My last post in the “52 Weeks of Food” series was a little delayed because I have been in Hawaii visiting our son, Eric, and his wife Donna. I had a wonderful time hiking in the jungle past waterfalls, kayaking, snorkeling, browsing through the Asian Market, touring an historic mansion near Diamond Head, sampling products at the Kailua Farmer’s Market and indulging in some amazing cuisine at the local restaurants.
One night we ate at a Moroccan restaurant, Casablanca, in Kailua. It was like stepping into an “Arabian Nights” fantasy! I sat on a low bench in the Oriental carpet draped room lit by hanging lanterns and Eric and Donna sat on chubby leather ottomans. The meal began when our server poured warm water over our hands over a silver catch basin and handed us terrycloth towels.
The towels also served as our napkins. Our first course was Harira Soup, made with tomatoes, lentils and/or chickpeas, saffron, parsley and coriander. Next followed a Moroccan Salad plate of creamy hummus dip, light tabbouli salad, rich eggplant, bright roasted bell peppers, tart tomatoes and flavorful carrots served with wedges of fresh-baked flat bread. My favorite course was the B’stilla, a savory pastry, flaky outside, dusted powdered sugar and cinnamon, with a moist, hot interior of finely shredded chicken, chopped almonds and eggs. I had lamb with honey and almonds as my main course and we were pretty full by the time dessert arrived – a deep-fried honey dipped funnel cake and hot cinnamon tea.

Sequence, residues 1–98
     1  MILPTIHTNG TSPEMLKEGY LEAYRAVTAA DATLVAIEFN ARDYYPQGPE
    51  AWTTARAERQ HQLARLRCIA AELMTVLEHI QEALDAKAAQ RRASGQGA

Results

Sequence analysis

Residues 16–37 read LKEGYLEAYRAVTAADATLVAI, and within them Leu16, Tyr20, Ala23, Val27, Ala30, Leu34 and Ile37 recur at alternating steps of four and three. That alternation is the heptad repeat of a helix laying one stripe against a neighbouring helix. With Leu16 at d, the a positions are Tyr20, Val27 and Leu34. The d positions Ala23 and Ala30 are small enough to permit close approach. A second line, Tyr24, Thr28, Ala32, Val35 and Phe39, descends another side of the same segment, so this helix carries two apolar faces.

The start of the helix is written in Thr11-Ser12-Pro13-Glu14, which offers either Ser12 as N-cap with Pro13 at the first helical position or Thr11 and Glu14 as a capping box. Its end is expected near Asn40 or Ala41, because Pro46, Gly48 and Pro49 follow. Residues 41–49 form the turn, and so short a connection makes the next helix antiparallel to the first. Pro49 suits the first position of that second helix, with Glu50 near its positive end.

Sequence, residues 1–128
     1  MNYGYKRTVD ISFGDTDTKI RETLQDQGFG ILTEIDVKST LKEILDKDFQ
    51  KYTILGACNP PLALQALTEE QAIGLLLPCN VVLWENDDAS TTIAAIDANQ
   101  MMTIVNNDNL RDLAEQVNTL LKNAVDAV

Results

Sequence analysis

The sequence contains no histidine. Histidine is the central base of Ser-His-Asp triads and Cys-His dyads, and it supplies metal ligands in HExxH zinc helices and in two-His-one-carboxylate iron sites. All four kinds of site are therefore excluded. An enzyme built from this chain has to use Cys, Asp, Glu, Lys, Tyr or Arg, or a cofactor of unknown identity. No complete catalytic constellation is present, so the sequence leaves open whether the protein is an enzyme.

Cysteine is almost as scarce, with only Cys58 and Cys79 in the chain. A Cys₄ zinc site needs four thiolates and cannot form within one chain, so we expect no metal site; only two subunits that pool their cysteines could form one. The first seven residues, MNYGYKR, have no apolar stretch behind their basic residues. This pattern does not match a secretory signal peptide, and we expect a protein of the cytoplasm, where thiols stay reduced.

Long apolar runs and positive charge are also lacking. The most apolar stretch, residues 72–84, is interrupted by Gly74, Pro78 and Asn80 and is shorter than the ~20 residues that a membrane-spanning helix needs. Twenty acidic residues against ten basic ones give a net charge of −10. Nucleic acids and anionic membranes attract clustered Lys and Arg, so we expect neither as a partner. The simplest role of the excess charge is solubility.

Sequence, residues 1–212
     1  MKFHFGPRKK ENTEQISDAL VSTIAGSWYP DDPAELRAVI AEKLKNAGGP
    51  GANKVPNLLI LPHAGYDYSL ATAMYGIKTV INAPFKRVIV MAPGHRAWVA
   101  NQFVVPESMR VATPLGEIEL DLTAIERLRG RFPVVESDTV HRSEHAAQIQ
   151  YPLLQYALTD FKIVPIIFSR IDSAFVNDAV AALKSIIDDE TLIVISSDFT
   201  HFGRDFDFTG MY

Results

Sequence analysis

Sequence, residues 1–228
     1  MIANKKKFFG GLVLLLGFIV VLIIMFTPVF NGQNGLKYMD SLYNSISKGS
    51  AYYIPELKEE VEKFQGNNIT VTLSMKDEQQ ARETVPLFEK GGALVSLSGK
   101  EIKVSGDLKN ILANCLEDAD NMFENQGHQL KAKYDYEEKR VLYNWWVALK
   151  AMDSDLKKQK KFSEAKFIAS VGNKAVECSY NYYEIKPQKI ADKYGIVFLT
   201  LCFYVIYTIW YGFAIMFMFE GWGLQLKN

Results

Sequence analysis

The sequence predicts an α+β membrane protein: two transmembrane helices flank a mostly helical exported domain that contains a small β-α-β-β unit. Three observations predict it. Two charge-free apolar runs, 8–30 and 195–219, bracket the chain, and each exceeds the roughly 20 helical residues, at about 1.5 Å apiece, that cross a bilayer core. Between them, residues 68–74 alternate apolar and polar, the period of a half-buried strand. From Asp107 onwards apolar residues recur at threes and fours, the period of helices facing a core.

The highlight of the trip was a birthday celebration at Alan Wong’s restaurant in Honolulu where Eric had arranged for us to sit at the “Chef’s Table,” which was actually a special location (for one dining party only) in full view of the kitchen where we could observe the culinary artistry and ask questions of the chefs.
One of the more interesting appetizers, “Poki-Pines” consisted of Crispy Won Ton Wrapped Ahi Tuna Poke Balls (pronounced poh-kay), Avocado, and Wasabi Sauce. What made them resemble porcupines was the clever way they were deep friend which made strips of won ton wrappers stand up in the air like quills. We also watched them serve the evening’s “Soup and Sandwich” appetizer, which initially had sounded awfully filling. In reality, the chilled tomato soup was served in a martini glass with a piece of lavash (thin flat bread) balanced on the rim of the glass topped with a small grilled cheese and Kahlua pork sandwich. The chilled tomato soup and chilled cream were squeezed simultaneously side-by-side in the martini glass – the separation of the white and red in the glass was beautiful and was swirled at the top to create a yin-yang design!
What did I order? Ginger Crusted Onaga (Red Snapper) with Miso Sesame Vinaigrette, Organic Hamakua Mushroom & Corn, which was moist and flavorful.
And for dessert I couldn’t resist “The Coconut”
which was Haupia (coconut) Sorbet in a Chocolate Shell served with tropical fruit and Lilikoi (passion fruit) sauce.
Following our meal, I was presented with an autographed copy of the menu!